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Volume39,Number 13 WINSTON-SALEM, N.C. THURSDAY, November 22, 2012
Photo by Layta Farmer
Dr. Robert Herring III stands on the campus of
Winston-Salem State University.
WSSU's Herring's James Meredith
scrapbooks donated to Ole Miss
BY LAYLA GARMS
When it comes to the integration of the University of
Mississippi, Winston-Salem State University Professor
Dr. Robert Herring pi is a walking history book.
Herring, the son of an Ole Miss professor, was living
on the outskirts of the campus when James Meredith
integrated the university in 1962 For months, Herri^,
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arrived. "The eye of the nation - the eye of the world
J- waa right here."
Herring recorded the story of Meredith's enrollment
in three simple "school glue and paper" scrapbooks that
he created by scouring six different newspapers daily for
articles about Meredith. The scrapbooks cover
Meredith's courageous story, from Sept. 18, 1962 -
when reports of his impending enrollment began to sur
face - until Nov. 2, 1962, when Ole Miss football fans,
under threat of expulsion, reportedly ignored Meredith's
presence in the stadium and instead focused their nega
tive energy on the opposing team.
In August, Herring donated the scrapbooks - now
considered telling historical documents - and excerpts
from his personal diary to the University of Mississippi
See Herring on A7
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Some of the dozens of newt clips thai
Robert Herring collected u a hoy.
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Mack & Martin
Photo by Tbdd Luck
Noted commentator Roland Martin (right) poses with Union Baptist Church Pastor Dr. Sir Walter Mack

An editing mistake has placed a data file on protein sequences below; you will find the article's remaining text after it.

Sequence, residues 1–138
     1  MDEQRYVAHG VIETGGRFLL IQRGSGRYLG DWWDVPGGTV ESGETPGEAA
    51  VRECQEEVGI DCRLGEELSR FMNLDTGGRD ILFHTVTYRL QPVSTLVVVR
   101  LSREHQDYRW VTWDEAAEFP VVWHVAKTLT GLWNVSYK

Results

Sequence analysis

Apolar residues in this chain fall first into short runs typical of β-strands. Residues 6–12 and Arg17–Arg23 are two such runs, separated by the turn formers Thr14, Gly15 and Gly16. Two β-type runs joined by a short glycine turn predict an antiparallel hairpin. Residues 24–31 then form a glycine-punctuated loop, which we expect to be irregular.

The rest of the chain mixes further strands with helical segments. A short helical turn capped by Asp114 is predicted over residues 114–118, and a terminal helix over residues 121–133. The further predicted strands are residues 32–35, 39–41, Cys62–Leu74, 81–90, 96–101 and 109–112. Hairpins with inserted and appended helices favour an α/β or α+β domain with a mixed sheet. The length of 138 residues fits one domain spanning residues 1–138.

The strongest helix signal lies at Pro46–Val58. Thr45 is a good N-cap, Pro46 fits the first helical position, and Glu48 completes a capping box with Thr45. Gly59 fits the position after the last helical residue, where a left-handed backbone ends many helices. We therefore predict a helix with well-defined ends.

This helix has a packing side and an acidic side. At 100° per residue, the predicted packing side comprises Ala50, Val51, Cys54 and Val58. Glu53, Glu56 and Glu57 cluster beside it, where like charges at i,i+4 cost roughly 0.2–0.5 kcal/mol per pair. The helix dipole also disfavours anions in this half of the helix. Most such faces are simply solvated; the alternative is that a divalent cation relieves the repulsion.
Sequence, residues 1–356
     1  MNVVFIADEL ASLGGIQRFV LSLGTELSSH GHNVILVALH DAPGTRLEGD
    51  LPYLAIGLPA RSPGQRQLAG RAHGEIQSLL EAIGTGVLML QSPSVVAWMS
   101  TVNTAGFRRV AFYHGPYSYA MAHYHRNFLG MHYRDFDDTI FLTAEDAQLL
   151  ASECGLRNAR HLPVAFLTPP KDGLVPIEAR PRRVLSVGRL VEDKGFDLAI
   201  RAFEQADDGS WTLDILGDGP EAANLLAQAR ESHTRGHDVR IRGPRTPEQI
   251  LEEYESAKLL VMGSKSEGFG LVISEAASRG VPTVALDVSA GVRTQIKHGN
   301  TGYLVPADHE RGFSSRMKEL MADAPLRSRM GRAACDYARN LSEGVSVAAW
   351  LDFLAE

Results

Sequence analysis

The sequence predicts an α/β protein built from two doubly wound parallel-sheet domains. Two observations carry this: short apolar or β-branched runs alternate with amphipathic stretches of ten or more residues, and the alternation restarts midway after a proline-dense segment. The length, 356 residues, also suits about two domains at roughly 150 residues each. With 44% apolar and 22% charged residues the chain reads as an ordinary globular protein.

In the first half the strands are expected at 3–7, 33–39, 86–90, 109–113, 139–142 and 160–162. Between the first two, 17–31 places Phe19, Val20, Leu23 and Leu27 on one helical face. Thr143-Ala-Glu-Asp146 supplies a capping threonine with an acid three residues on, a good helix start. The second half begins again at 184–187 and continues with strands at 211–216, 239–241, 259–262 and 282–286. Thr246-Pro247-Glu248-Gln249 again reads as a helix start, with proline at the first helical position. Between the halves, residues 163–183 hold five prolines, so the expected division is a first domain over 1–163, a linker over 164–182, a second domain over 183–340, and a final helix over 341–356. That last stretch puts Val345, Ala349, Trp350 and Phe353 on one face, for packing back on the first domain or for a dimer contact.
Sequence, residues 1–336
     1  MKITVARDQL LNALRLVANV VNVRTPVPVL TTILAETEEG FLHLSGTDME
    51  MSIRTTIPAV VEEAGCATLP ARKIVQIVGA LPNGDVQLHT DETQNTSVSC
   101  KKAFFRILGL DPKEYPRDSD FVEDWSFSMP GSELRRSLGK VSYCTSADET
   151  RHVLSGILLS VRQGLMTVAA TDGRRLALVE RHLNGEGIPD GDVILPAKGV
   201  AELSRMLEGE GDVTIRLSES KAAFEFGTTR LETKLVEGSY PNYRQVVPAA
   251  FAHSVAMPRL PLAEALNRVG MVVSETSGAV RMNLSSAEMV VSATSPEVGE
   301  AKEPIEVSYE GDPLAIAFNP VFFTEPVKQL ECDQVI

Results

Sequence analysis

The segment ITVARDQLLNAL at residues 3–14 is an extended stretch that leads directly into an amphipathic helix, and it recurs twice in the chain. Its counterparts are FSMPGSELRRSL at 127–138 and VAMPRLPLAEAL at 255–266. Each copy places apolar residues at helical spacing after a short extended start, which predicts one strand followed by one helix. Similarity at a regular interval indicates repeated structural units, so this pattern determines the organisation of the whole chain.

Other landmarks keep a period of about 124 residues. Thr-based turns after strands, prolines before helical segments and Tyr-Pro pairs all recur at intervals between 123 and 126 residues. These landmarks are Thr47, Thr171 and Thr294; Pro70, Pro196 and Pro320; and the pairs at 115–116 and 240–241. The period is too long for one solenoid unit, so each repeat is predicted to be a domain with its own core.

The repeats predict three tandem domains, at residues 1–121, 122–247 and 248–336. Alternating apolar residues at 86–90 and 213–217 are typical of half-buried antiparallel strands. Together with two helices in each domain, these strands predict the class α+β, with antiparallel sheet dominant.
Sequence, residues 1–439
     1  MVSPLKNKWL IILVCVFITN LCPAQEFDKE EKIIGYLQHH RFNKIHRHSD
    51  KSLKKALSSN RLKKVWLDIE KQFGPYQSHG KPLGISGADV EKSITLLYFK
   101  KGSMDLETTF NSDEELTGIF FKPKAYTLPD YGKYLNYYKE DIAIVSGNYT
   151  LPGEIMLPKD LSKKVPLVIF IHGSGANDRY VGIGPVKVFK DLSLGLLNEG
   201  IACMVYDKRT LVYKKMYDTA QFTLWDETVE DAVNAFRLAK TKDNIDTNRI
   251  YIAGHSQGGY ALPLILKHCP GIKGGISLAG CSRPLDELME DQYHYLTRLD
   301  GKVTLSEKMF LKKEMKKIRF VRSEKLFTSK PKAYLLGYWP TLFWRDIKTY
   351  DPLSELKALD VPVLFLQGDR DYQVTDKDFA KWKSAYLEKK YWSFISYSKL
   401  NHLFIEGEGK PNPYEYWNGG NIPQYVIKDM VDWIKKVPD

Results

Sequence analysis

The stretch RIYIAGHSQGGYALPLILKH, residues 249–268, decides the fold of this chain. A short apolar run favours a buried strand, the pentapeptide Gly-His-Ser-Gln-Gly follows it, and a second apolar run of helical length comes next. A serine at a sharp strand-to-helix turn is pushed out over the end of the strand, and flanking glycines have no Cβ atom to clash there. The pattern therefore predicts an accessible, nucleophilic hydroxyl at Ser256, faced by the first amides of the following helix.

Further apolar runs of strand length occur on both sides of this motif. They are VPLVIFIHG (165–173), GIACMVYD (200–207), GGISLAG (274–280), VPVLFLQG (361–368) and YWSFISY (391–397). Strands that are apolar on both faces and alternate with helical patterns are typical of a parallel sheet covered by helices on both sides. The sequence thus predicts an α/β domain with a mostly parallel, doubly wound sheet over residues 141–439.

Jr. on Sunday. Martin gave the keynote address at the Corner 2 Corner Drug Dealers and Street Life
Conference. Mack founded the conference nearly a decade ago to help reform folks who are often looked
down upon. Read more about the conference and graduation on Page A3.
Civil Rights icon says practice
BY LAYLA GARMS
Hollis Watkins has been fighting
for freedom for more than five
Watkins, the younge" of 12 chil
<fepP-j^orn to sharecroppers in
TmCHn, Miss., became the first stu
dent from his state to join the Voting
Rights Project of the Student
Nonviolent Coordinating Committee
(SNCC) in 1961, and has served as a
champion for civil rights ever since.
"I don't encourage nobody to do
what I've done," he quipped. "I think
I've had two and a half vacations in
the last SO years."
Still, Watkins, the founder and
president of Southern Echo, Inc.,
shows no signs of stopping.
"The stuff we call work is no
longer wort for me," he declared. "I
enjoy every bit of it."
Watkins, a father of eight, found
ed Southern Echo in 1989, to train,
educate and equip the next genera
tion of grassroots social justice lead
"One of the things that has given
me longevity is my love and desire to
See WatkkM on Alt
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Hollis Wat kins addresses a crowd on Friday evening.
Ojo's road to M.D. began at Forsyth Tech
BY TODD LUCK
Dr. Adesanmi Abel Ojo returned to Forsyth Technical
Community College last week, telling students how the path that
led him to a career in medicine began at
Ojo dreamed of being a doctor since his
childhood in his native Nigeria. He would
watch his father, Abel Ojo. a nurse anes
thetist, interact with patients at a local clinic.
MI knew for me the road leading to suc
cess was always medicine," said Ojo. "I just
needed a place to go to achieve that goal."
He found that place in 2002, after his
family moved to Forsyth County. He drove
by Forsyth Tech by chance and ended up
enrollint at the school. He earned an associ
ate degree in biology. After graduating from Forsyth Tech, he
transferred to the University of North Carolina at Greensboro,
where he earned a BS degree in 2006. He just became a medical
doctor after graduating from the medical college at the American
University of Antigua. The school is located in St. John's on the
1 See Q)o on AS Dr. Adesanmi Ah*I Ojo speaks.
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front of the
Place on the
V N C S A
One to Watch
UNCSA student taking the world by storm
BY LAYLA GARMS
Twenty-one-year-old Allan Washington's performing arte
career is going places, quite literally.
Washington, a senior in the Drama School at the UNC School
of the Arte, recently returned from a trip to Oman, a tiny nation
on the Arab peninsula. The Indianapolis, Ind. native and fellow
cast members from the Copperstown, N.Y.-based Glimmerglass
See Waabinftoa on A] Ktvitt Stites
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